Thursday, September 22, 2005

New Orleans housing

I'd like to imagine that S. Frederick Starr is correct that many of New Orleans's homes can be saved. If not, I hope that some of the knowledge and skills of those 19th century architects and engineers who built much of New Orleans can be employed again.
In the 19th century, local craftsmen devised structural techniques that allowed houses to stand securely on the city's pudding-like alluvial soil, and to survive in the region's notoriously humid climate, with its insects, termites and mold. In place of the heavy, water-absorbing brick-between-post construction that had been used earlier, or the brick masonry common on higher ground in the city, they began using light balloon frames, self-reinforcing structures of two-by-four joists that could be raised above ground on brick or stone piers. For these frames they used local cypress wood, which resists both water and rot, and for secondary woods they favored local cedar, which is nearly as weatherproof as cypress, and dense virgin pine.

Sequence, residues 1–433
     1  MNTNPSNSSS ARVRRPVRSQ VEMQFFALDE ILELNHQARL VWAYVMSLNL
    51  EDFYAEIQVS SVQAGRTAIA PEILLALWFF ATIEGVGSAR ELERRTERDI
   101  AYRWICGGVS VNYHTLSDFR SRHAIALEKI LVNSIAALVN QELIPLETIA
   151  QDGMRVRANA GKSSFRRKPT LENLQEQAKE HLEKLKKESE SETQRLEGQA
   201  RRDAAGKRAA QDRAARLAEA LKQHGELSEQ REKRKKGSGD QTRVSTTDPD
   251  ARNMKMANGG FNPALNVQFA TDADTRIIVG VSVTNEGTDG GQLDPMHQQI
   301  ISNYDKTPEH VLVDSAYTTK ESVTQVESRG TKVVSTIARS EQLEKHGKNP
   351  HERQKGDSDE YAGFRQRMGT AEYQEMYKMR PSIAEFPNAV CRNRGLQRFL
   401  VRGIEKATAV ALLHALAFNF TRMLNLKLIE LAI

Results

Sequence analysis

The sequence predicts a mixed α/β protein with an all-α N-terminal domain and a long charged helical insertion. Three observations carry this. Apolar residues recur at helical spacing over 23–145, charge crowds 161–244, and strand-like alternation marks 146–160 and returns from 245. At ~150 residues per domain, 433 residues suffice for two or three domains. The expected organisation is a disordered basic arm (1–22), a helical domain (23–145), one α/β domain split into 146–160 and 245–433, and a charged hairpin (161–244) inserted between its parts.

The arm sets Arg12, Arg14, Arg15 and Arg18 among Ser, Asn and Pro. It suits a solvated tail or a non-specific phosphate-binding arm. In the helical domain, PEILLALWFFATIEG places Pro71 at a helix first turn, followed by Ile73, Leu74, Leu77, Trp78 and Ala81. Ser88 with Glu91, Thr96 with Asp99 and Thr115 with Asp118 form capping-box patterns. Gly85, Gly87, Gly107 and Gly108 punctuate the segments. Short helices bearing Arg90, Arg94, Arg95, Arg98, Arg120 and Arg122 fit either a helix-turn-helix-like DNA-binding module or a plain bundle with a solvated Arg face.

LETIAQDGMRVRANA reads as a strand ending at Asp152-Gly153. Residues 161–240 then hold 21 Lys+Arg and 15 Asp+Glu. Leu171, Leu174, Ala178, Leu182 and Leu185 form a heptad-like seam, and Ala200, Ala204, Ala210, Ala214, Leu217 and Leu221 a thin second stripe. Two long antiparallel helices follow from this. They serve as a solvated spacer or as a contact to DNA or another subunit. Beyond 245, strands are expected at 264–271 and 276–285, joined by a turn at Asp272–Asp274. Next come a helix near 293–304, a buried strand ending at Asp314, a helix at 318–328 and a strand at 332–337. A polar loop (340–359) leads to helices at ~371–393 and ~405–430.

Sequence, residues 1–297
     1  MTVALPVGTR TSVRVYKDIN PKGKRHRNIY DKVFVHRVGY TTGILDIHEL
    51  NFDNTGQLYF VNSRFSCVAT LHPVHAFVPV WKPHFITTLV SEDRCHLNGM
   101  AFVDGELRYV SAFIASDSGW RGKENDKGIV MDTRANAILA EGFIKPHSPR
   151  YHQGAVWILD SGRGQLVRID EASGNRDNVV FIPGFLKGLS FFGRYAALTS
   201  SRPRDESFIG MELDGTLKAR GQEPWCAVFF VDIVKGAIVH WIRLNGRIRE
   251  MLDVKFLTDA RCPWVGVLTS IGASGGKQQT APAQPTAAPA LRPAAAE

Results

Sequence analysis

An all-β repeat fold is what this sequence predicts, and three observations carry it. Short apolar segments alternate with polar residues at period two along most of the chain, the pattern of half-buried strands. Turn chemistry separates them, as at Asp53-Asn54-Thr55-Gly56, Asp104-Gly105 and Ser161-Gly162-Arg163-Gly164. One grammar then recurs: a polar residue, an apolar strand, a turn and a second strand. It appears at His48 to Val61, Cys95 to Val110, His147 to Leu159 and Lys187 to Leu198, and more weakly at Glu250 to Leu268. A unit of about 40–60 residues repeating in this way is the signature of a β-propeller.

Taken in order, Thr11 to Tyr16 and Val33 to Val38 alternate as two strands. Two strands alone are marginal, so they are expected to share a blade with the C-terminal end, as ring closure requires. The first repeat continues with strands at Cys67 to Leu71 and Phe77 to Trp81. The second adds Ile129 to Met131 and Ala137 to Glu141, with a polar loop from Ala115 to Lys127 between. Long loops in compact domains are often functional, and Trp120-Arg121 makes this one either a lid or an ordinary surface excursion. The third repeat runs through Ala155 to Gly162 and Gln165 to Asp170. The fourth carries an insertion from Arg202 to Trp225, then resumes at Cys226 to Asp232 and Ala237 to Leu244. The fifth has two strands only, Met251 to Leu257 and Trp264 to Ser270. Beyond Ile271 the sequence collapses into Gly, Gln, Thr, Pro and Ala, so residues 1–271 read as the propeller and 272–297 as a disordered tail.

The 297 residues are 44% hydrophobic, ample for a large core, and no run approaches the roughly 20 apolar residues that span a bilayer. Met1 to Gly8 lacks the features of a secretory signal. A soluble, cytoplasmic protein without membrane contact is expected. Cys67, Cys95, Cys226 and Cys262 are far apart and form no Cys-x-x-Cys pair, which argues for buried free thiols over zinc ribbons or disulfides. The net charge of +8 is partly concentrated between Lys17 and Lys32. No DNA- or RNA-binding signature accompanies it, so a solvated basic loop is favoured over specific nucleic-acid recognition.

The builders also used circulating air to ward off mold. Ten- to twelve-foot ceilings in even the smallest homes, as well as large windows, channel the slightest breeze throughout the house. And by raising the structures above the ground, builders assured that air would circulate beneath them as well, discouraging termites and rodents.